Research Article | Open Access
Gerardo Alvarez-Uria, Praveen K. Naik, Manoranjan Midde, Pradeep S. Yalla, Raghavakalyan Pakam, "Prevalence and Severity of Anaemia Stratified by Age and Gender in Rural India", Anemia, vol. 2014, Article ID 176182, 5 pages, 2014. https://doi.org/10.1155/2014/176182
Prevalence and Severity of Anaemia Stratified by Age and Gender in Rural India
Anaemia is a major public health problem in India. Although nearly three quarters of the Indian population live in rural areas, the epidemiology of anaemia in rural settings is not well known. We performed a retrospective observational study using routine clinical data from patients attending the out-patient clinics of a rural hospital in India from June 2011 to August 2014. The study included 73,795 determinations of haemoglobin. 49.5% of patients were female. The median haemoglobin concentration was 11.3 g/dL (interquartile range (IQR), 9.8–12.4) in females and 12.5 g/dL (IQR, 10.6–14.2) in males. Anaemia was present in the majority of children <10 years, women after puberty, and older adults. Children <5 years had the highest prevalence of anaemia, especially children aged 1-2 years. The high proportion of microcytic anaemia and the fact that gender differences were only seen after the menarche period in women suggest that iron deficiency was the main cause of anaemia. However, the prevalence of normocytic anaemia increased with age. The results of this study can be used by public health programmes to design target interventions aimed at reducing the huge burden of anaemia in India. Further studies are needed to clarify the aetiology of anaemia among older adults.
According to the World Health Organization (WHO), there are two billion people with anaemia in the world and half of the anaemia is due to iron deficiency . Anaemia is a late indicator of iron deficiency, so it is estimated that the prevalence of iron deficiency is 2.5 times that of anaemia [1, 2]. The estimated prevalence of anaemia in developing countries is 39% in children <5 years, 48% in children 5–14 years, 42% in women 15–59 years, 30% in men 15–59 years, and 45% in adults >60 years . These staggering figures have important economic and health consequences for low- and middle-income countries. Anaemia and iron deficiency lead to substantial physical productivity losses in adults . Iron deficiency during pregnancy is associated with maternal mortality, preterm labour, low birth-weight, and infant mortality . In children, iron deficiency affects cognitive and motor development and increases susceptibility to infections .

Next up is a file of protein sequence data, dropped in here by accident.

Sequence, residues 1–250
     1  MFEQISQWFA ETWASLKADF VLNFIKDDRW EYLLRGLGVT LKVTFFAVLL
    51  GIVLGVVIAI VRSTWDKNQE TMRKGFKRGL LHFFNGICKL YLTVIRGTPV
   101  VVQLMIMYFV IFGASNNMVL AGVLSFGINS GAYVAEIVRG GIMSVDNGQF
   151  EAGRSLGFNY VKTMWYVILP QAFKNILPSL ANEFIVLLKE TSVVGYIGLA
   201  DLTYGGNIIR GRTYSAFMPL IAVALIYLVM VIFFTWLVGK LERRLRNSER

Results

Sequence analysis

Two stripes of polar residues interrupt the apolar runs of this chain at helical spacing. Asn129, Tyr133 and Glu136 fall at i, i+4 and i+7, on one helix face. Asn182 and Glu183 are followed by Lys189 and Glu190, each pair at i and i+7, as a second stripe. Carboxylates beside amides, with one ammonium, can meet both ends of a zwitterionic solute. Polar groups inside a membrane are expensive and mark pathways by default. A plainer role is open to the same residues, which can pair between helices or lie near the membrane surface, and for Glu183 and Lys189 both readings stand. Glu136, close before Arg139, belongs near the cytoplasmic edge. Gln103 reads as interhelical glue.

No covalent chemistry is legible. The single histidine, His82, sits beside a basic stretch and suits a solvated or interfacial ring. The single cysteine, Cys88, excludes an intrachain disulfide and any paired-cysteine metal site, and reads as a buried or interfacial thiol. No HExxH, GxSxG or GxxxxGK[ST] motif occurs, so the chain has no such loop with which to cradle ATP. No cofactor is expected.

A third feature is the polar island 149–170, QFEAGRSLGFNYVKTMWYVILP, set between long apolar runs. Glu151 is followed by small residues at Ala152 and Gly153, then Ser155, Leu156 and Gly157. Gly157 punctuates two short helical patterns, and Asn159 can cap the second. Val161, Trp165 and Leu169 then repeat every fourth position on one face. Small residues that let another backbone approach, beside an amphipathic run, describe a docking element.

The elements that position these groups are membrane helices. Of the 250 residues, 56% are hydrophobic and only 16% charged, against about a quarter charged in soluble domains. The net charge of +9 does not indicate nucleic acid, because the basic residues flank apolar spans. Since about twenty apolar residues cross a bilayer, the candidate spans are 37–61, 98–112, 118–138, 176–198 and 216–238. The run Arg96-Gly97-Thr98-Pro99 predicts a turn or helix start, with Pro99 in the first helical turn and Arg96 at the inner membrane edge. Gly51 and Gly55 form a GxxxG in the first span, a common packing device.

Anaemia is a major health problem in India. In the 2005-2006 National Family Health Survey (NFHS-3), a household survey aimed at having national and state representative data on population health and nutrition; the prevalence of anaemia was 70% in children aged 6–59 months, 55% in females aged 15–49 years, and 24% in males aged 15–49 years . Although the NFHS-3 showed that the prevalence of anaemia was higher in rural areas, there is a paucity of data about the epidemiology of anaemia in rural settings . The aim of this study is to describe the prevalence of anaemia among patients who attended the outpatient clinics of a rural hospital in Andhra Pradesh, India.
The study was performed in Anantapur, a district situated in the South border of Andhra Pradesh, India. Anantapur has a population of approximately four million people. In Anantapur, 72% of the population live in rural areas and 36% are illiterate . Rural Development Trust General Hospital is a nonprofit 220-bed hospital in Bathalapalli, a rural village in Anantapur. The hospital belongs to a nongovernmental organization called Rural Development Trust.
2.2. Study Design